The coming surge — a whopping 6,000 new units by the end of this year — will give prospective renters a slew of new options and could even halt the upward march of monthly rental payments, according to developers, analysts and real estate professionals.
“There’s going to be a paradigm shift,” said Rick Gersten, chief executive of Urban Igloo, a company that helps connect renters with local landlords. “People are going to have more choices. It’s going to be more difficult to retain tenants.”
During the economic downturn, developers drastically scaled back production of multi- family projects. But construction has come roaring back, with developers last year alone breaking ground on nearly 15,000 apartment units from Landover to Northeast Washington to Manassas — the most in nearly two decades, said Greg Leisch, chief executive of the Alexandria-based research firm Delta Associates.
Much of the building is taking place in the District, including the hot H Street NE corridor and the Mount Vernon Triangle area. But units are also springing up in the close-in suburbs of Fairfax in Northern Virginia and Bethesda and Silver Spring in Maryland.
The vast majority are “Class A” units aimed at young professionals eager to live in walkable communities near shopping and public transportation, developers say. Many boast a profusion of modern amenities, such as open floor plans and granite countertops — even waist-high mini-showers for bathing the well-groomed dog.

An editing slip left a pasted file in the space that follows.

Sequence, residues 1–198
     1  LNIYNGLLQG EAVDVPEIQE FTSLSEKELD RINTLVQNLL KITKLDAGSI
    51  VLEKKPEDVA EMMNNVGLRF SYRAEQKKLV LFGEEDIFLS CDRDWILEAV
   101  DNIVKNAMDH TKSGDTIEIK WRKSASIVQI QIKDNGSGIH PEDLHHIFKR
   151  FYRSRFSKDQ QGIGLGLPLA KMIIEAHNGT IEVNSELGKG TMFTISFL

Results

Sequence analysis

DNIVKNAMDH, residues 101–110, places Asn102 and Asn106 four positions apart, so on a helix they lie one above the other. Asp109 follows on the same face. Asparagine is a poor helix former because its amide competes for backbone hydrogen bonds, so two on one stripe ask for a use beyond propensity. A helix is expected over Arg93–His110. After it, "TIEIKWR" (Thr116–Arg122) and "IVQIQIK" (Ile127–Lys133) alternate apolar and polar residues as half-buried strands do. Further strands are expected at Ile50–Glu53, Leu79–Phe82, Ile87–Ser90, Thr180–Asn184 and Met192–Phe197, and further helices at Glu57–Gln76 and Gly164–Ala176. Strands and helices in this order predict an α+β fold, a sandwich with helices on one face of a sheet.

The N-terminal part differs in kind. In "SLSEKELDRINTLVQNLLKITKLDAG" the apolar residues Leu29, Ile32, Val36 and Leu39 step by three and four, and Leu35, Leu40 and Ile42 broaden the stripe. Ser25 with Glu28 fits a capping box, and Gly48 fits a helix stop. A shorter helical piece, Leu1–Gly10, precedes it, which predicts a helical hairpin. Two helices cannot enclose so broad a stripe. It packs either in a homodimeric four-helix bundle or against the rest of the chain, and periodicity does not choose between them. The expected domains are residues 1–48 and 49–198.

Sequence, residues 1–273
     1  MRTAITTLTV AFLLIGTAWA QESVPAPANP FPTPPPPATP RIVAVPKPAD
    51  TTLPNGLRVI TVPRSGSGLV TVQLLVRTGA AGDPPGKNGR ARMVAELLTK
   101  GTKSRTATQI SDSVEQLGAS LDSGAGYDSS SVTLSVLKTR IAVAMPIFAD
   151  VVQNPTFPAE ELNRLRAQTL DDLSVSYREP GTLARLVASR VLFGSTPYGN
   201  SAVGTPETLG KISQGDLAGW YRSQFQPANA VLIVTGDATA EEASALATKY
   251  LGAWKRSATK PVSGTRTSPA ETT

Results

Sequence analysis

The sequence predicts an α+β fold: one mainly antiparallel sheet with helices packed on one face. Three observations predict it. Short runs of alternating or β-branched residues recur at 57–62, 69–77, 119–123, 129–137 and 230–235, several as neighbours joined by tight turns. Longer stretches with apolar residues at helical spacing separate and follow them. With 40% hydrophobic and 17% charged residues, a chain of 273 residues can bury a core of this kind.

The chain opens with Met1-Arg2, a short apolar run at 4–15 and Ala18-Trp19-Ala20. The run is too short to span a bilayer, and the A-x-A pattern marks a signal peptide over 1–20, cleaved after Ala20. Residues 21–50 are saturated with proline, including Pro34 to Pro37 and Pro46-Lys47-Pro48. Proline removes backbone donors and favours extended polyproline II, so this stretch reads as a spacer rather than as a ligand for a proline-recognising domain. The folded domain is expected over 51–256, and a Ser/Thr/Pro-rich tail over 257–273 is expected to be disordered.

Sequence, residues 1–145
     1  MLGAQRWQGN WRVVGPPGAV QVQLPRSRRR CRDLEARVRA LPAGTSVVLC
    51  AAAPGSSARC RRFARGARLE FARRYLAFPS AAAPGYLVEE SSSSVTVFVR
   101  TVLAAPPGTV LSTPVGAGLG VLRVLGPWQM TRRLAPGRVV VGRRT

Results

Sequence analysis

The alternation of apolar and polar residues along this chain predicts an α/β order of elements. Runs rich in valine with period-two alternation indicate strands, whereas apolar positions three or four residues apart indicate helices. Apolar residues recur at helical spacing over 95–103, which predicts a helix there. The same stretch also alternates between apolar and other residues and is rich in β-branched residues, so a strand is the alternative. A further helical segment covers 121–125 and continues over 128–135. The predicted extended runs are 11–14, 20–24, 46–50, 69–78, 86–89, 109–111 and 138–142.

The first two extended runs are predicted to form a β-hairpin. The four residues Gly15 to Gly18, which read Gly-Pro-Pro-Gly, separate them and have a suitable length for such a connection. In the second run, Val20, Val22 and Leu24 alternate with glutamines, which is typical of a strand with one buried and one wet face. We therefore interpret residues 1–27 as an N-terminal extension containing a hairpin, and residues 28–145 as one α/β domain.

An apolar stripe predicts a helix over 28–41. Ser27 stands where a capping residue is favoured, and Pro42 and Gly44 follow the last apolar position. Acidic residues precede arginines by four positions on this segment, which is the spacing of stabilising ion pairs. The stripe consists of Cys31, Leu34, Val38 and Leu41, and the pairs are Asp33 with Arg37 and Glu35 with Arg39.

The projected number of new units would be more than double the number that went on the market in the Washington area during each of the past two years. And by national standards, the coming boom is exceptional — by comparison, only about 2,500 new units are expected to go on the market in New York City this year.
“We don’t even have demand in an entire year for 6,000” new apartments, Leisch said. “That’s going to disrupt the equilibrium in the market.”
The result, Leisch said, probably will be a slight decrease in average rents by the end of the year, with the potential for additional decreases in 2013. In addition, some landlords could be forced to offer concessions to entice new tenants, such as a free month’s rent.
Still ‘very expensive’
But even with the swelling supply of new apartments, finding an affordable home in the Washington region will remain a challenge, analysts said. The average monthly rent in the District is $1,501, according to Reis Research, a commercial real estate research firm. By comparison, people pay $868 a month in Atlanta, $928 in Austin, $1,085 in Seattle and $1,113 in Miami. Nationwide, the average monthly rent is $1,081.